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Why Pep Guardiola should still leave Bayern Munich with his head held high

Three Champions League semi-final exits to do not necessarily mean failure for the man about to take over at Manchester City.

Jack Pitt-Brooke
Wednesday 04 May 2016 18:35 BST
Pep Guardiola is close to winning his sixth domestic league title.
Pep Guardiola is close to winning his sixth domestic league title. (Getty)

When Pep Guardiola took over at Bayern Munich in 2013, they were the reigning champions of Europe, and he had won the same trophy twice from the four seasons in charge of Barcelona. No managerial appointment in history – not even Jose Mourinho at Real Madrid in 2010 - looked more likely to deliver that famous trophy than that.

And yet three years on, Guardiola and Bayern are set to say goodbye without even having reached the final together. Their third Bundesliga title will surely be secured this weekend at FC Ingolstadt, before Guardiola’s final home game on 14 May. His last match will the DFB Cup final against Borussia Dortmund on 21 May, a shot at a fifth domestic trophy at the second club of his career.

But in Europe? It has been the same story three times over: steady progress to the semi-finals, the assured look of likely winners, then a fatal stumble at the penultimate hurdle against that season’s strongest side from Spain. Real Madrid in 2014, Barcelona in 2015 and then Atletico Madrid this week all managed to overcome Bayern. Real Madrid and Barcelona then went on to win the trophy. Atletico look likely to do the same.

There is a simple case against Guardiola which runs like this: Given the advantage Bayern enjoy over their domestic rivals, Bundesliga wins cannot count for too much. The Champions League was the only prize that mattered, and their big-money coach could not deliver it. On this reading Guardiola has not done what he was paid for, and that means that he has failed.

But that is not how knock-out football works. The Champions League may be the best competition in the world but it is not a pure merit test. Teams need momentum and luck to win it too. That is why no side has retained the European cup since Milan in 1990, a footballing lifetime ago. That is also why teams who are not at the top of the European game – such as Chelsea in 2012 - can triumph. It is a cup, not a league, and people ought to know the difference.

The difference between progress and elimination, then, can be simple bad luck, or one moment of individual brilliance, or one mistake, or even a brief flurry of them. In 2014 Bayern dropped their guard from two set-pieces and were blitzed by Real Madrid. It was one bad moment but it does not make Guardiola a bad manager.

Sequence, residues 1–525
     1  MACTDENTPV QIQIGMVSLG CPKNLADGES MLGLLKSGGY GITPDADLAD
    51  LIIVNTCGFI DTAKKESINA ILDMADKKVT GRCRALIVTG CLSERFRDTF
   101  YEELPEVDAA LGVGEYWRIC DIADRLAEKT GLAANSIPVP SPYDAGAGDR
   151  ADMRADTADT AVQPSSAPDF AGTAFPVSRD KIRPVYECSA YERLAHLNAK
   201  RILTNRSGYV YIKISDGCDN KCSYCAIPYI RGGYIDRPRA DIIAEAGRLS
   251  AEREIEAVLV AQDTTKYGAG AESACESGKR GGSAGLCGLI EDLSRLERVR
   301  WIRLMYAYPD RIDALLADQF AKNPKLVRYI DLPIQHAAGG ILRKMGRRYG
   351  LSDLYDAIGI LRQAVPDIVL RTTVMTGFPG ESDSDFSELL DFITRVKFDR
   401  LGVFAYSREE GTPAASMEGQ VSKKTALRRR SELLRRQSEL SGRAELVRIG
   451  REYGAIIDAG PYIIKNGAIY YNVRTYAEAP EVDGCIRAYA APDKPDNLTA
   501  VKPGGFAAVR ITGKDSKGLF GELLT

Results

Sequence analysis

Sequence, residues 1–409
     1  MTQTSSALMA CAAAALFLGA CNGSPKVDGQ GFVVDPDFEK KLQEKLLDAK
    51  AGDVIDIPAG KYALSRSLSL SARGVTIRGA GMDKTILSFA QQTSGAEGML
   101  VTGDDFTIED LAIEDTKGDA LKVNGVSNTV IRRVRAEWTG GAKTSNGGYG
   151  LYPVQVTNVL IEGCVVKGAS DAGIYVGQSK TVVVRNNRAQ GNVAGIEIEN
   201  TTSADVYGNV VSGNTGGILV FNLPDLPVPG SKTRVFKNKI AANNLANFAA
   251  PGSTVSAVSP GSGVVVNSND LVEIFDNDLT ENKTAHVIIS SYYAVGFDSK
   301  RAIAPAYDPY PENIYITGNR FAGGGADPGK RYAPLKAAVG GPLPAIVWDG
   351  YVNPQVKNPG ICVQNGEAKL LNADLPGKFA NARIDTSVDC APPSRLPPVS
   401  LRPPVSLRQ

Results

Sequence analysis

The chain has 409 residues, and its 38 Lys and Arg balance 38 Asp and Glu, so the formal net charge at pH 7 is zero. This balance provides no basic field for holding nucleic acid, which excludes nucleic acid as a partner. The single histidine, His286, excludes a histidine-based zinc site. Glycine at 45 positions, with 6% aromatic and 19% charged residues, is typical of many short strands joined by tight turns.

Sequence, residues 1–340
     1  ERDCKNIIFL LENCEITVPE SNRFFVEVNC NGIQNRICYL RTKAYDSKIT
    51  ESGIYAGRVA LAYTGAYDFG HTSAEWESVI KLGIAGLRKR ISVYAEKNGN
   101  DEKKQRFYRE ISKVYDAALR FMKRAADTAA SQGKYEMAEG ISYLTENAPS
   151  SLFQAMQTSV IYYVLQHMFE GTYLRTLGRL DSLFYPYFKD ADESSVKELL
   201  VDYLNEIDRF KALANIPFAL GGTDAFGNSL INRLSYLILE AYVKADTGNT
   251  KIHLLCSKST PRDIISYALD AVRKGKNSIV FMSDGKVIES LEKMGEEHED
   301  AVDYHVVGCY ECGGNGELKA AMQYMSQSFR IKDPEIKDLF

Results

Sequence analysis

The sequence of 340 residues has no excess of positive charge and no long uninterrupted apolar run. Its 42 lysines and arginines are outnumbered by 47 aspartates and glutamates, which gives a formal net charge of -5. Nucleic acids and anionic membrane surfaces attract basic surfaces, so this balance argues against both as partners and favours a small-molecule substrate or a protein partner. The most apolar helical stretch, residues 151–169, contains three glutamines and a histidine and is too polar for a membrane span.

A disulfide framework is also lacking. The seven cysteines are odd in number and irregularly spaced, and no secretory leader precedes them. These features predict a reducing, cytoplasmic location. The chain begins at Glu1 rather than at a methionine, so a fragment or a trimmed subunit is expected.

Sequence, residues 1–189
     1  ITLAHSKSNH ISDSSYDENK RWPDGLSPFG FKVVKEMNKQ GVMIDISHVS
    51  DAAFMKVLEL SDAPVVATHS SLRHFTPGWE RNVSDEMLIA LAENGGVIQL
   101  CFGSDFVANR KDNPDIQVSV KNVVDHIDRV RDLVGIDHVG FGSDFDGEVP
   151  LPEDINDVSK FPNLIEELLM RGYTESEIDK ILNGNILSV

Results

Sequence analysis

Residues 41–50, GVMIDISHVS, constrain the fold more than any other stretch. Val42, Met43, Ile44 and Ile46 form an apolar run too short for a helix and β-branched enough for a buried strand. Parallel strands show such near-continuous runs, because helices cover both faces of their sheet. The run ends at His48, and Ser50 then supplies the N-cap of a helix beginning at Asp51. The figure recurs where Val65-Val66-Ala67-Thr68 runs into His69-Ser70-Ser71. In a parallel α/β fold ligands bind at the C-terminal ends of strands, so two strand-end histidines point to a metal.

The following year, Bayern faced a Barcelona team widely considered to be the best of their generation. At the Camp Nou they were 13 minutes away from a creditable first-leg 0-0 before Lionel Messi produced enough of his unique brilliance to beat them 3-0 and end the tie. When he wants to do that there is very little that can be done to stop him.

Then, this week, they faced an Atletico Madrid side who had claimed the scalp of Barcelona and were playing with a desperate hunger to reach the San Siro final. They lost in Madrid but when they came back to Munich, Bayern caused Atletico more problems than any side had managed for some time. When Thomas Mueller stepped up to take his first-half penalty, they could have gone 2-1 up in the tie, forcing Atletico to change the way they played for the first time.

But Jan Oblak saved the penalty and then Antoine Griezmann killed Bayern on the break.

Of course, there is a pattern here and Guardiola’s record in away ties in Champions League knock-out games has never been the strongest. His approach where possible is to win the tie at home. But at a time when Guardiola’s whole body of work, over almost seven completed seasons, is coming in for scrutiny it is too easy to read too much into a particular failure to win a particular trophy whose destination is almost impossible to predict.

Guardiola is not a guarantee of success, no-one is, but he is still a brilliant coach, about to win his fifth domestic league title in his seventh season working. He is adored by his players for his tactical innovations, his insights into the game, his ability to teach them things they did not know. Yes, he has failed to win his third Champions League trophy in his spell at Bayern Munich. But that is very difficult to do, and rightly so. He will arrive in Manchester in June with something to prove, but little to regret.

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